Closures in Python with Examples
Python offers support for closures too.
In this article, we’ll learn what closures in Python are, how to define them and lastly, when, and why you should use them.
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What are Closures in Python?
Like nested loops, we can also nest functions.
That said, Python gives us the power to define functions within functions.
Python Closures are these inner functions that are enclosed within the outer function.
Closures can access variables present in the outer function scope.
Closures can access these variables even after the outer function has completed its execution.
To get a better understanding of closures, let’s first see how scope works in nested functions.
Scope of Variables in Nested Functions
In Python nested functions, the enclosed function can access variables of the enclosing scope.
Let’s understand this better with an example –
def outer(name): # this is the enclosing function def inner(): # this is the enclosed function # the inner function accessing the outer function's variable 'name' print(name) inner() # call the enclosing function outer('TechVidvan')
Let’s break this code down.
When the outer function gets called, the variable ‘name’ gets the value ‘TechVidvan’.
The inner function can access the value of this variable.
When the inner function gets called, ‘Techvidvan’ gets printed.
This is how scope works in nested functions.
The bottom line is (and it’s worth repeating) – “Enclosed functions can access the variables of enclosing functions.”
Keeping this in mind, let’s move on to Python closures.
In the example above, we have called the inner function inside the outer function.
The inner function becomes a closure when we return the inner function instead of calling it.
So we have a closure in Python if-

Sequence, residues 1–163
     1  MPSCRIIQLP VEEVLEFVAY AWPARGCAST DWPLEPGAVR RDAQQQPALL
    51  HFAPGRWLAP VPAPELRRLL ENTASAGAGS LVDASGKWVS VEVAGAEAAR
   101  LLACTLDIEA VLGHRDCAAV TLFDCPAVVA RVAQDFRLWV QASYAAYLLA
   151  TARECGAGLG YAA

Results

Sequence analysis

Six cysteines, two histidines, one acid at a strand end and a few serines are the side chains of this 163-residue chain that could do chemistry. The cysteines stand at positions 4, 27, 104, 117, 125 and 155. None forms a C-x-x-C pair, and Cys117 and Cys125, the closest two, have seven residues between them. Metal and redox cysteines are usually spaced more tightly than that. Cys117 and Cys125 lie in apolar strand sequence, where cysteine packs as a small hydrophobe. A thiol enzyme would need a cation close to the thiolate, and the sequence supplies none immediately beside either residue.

- We have a nested function, i.e. function within a function
- The nested function refers to a variable of the outer function
- The enclosing function returns the enclosed function
def outer(name): # this is the enclosing function def inner(): # this is the enclosed function # the inner function accessing the outer function's variable 'name' print(name) return inner # call the enclosing function myFunction = outer('TechVidvan') myFunction()
Here, the call to outer function returns the inner function.
This then gets assigned to ‘myFunction’.
Now when we call myFunction, it prints ‘TechVidvan’ (which was earlier given as an argument to outer).
Do you see what just happened here? Even after ‘outer’ finishes its execution and all its variables go out of scope, the value passed to its argument is still remembered.
This is the beauty of closures! We can access the values of a function that no longer exists.
You might be thinking that closure and all seems fine, but why on Earth will I ever use it?
Say no more, pal!
When and Why do you need to use Closures in Python?
You can use closures –
- To replace the unnecessary use of class: Suppose you have a class that contains just one method besides the __init__ method. In such cases, it is often more elegant to use a closure instead of a class.
- To avoid the use of the global scope: If you have global variables which only one function in your program will use, think closure. Define the variables in the outer function and use them in the inner function.
- To implement data hiding: The only way to access the enclosed function is by calling the enclosing function. There is no way to access the inner function directly.
- To remember a function environment even after it completes its execution: You can then access the variables of this environment later in your program.
Closures are just functions, but with an extra environment of variables.
Closures might seem quite confusing at first.
It will take you a while to understand them, let alone use them in your program.
But once you get a hang of it, you’ll realize how powerful they are.